On February 23, 2017, the US branch of the Vatican Foundation Centesimus Annus Pro Pontifice and Fordham University co-sponsored the inaugural lecture of the Cassamarca Foundation Chair in Migration and Globalization, titled: “The Holy See and the Fight Against Human Trafficking.” The conference examined the realities of human trafficking today, what is being done, and what opportunities there are going forward. 

Attendees of the Human Trafficking Conference

The Gendered Nature of Human Trafficking

Fordham’s “Consultation on Human Trafficking” convened local and international experts to discuss the root causes and challenges of modern slavery. And while the panelists discussed different push factors – poverty, conflict, and forced migration – many highlighted the overarching role that gender plays in the human trafficking system.

“79% of people who are trafficked are women,” said Archbishop Bernardito Auza, the Inaugural Holder of the Casamarca Foundation Chair in Migration and Globalization, and the conference’s keynote speaker. “And while that percentage is decreasing, the number of women who are being trafficked in real terms is increasing.”

The human trafficking panel

So why are women so vulnerable to human trafficking?

“Human Trafficking takes advantage of global indifference and an economy of exclusion” said the Archbishop. Women still constitute 70% of the world’s poor, and have unequal access to labor markets and economic resources. Human traffickers prey on women and girls who have fewer routes to economic independence, and who are willing to leave their homes to pursue financial opportunities. Convinced that there is a job waiting for them abroad, women find themselves trapped in sexual exploitation or domestic slavery.  

Human trafficking also affects young women in the United States, particularly the homeless and those formerly in the foster system.

Jayne Bigelsen, Director of Anti-Human Trafficking Initiatives at Covenant House in New York, estimated that 15-25% of her clients have been trafficked. Most of them are young women with few mentors or family connections, and are trafficked by pimps who act as their boyfriend.  The pimp provides emotional, financial, and housing stability, and then forces the woman into human trafficking.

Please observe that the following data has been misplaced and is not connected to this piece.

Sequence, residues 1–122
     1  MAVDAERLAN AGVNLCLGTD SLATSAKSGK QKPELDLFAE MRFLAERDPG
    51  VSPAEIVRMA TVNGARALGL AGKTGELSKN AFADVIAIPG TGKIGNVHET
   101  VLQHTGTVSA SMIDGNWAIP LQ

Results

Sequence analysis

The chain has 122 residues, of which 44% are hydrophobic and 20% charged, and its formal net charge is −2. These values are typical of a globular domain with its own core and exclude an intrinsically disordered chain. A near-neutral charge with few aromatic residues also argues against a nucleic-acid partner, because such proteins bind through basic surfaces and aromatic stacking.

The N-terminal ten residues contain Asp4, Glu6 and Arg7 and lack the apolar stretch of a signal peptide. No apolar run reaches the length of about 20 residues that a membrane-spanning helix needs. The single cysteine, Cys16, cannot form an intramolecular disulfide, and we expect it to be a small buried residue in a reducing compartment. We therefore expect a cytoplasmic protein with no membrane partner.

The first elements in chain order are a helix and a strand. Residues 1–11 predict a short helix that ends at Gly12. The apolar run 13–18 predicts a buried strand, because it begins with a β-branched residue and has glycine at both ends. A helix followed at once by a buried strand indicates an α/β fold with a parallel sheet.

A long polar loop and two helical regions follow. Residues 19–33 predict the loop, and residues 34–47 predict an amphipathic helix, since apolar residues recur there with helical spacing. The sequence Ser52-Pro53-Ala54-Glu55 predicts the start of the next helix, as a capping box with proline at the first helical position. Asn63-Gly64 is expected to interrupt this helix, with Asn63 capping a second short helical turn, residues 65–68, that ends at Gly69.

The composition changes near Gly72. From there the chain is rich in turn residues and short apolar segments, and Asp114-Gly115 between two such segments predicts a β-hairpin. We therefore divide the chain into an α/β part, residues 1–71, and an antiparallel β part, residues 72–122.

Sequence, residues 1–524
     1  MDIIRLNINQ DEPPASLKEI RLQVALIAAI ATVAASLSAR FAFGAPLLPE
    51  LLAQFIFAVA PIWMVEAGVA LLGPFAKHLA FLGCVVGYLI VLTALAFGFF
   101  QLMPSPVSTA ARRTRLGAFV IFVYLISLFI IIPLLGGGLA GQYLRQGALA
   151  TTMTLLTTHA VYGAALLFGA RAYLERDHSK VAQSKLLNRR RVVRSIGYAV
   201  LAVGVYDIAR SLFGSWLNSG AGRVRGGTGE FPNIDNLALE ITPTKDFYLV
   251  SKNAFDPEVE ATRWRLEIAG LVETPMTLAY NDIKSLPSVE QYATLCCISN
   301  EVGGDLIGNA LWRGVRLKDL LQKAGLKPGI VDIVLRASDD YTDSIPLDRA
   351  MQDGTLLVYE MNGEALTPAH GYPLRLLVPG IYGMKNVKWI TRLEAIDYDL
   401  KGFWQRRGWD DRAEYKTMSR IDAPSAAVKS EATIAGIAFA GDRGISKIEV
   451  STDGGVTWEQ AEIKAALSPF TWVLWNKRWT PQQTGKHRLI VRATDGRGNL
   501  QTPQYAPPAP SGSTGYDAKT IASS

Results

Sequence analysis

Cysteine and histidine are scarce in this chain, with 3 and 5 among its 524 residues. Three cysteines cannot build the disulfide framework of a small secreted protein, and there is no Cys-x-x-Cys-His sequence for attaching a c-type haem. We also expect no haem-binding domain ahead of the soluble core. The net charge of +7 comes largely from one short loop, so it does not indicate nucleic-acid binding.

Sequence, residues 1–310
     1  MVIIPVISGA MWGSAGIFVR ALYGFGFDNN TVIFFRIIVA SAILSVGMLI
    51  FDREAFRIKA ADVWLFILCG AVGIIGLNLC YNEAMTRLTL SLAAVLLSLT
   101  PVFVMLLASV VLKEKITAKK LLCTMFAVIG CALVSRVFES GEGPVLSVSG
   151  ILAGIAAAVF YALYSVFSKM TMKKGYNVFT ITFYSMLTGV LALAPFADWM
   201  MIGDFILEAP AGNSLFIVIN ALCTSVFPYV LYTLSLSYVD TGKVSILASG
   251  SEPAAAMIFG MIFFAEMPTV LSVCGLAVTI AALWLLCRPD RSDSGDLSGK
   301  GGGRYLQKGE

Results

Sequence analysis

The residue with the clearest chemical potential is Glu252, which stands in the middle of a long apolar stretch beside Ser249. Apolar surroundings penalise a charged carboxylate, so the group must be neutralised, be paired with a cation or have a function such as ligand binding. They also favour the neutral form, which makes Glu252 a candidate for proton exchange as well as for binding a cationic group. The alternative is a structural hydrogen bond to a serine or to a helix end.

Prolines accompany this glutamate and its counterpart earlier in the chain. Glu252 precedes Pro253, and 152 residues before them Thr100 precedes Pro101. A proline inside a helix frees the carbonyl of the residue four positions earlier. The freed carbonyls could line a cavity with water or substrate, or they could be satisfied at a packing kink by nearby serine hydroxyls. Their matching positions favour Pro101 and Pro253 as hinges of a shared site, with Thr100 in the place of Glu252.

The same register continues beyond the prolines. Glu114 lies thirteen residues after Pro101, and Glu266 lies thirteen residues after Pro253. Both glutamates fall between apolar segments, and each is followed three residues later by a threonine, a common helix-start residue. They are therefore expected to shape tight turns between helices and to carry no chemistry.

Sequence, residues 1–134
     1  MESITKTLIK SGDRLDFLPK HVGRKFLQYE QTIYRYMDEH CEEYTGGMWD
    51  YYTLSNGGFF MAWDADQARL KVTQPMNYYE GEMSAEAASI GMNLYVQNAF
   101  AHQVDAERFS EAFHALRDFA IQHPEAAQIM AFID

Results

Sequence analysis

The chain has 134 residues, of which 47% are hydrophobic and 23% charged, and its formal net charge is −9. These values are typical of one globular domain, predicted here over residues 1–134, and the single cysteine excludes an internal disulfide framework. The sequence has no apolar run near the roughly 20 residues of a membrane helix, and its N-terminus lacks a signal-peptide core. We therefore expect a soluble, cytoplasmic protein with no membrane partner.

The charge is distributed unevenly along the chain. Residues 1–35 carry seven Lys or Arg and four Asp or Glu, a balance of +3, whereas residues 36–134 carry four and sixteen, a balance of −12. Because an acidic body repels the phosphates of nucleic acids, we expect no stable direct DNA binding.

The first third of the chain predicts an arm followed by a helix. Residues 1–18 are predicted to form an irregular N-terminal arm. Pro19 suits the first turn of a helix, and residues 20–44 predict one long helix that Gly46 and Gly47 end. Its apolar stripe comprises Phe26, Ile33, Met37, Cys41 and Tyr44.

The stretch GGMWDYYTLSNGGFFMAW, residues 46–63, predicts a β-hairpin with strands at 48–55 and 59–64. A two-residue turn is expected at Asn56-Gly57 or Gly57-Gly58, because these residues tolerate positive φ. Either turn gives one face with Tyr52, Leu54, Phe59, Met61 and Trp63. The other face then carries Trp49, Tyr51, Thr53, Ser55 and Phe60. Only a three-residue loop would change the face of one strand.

“At first, many of our clients will say that they chose that life freely.  But six months after they’ve gotten away from their pimps, they will say they didn’t really have a choice, that they had to do it if they wanted a place to sleep.”

Panelists also discussed human trafficking as a secondary trauma: “Many of the girls who are trafficked have been sexually abused at home.” said one panelist. “… We see that incest shatters the soul, and makes girls feel an incredible amount of shame.  If I feel that I am worthless, what would keep me from making these decisions (to follow pimps)?”


Given the gendered nature of human trafficking, panelists called for solutions that take women’s unique vulnerability into account. Solutions included training law enforcement officers to recognize when women were being trafficked, and better coordination across government and NGO agencies. Ms. Bigelson said the best way to combat human trafficking was to be a good mentor and a good foster parent to young women.

IPED students at the Human Trafficking Conference

 

Written by: Sydney Kornegay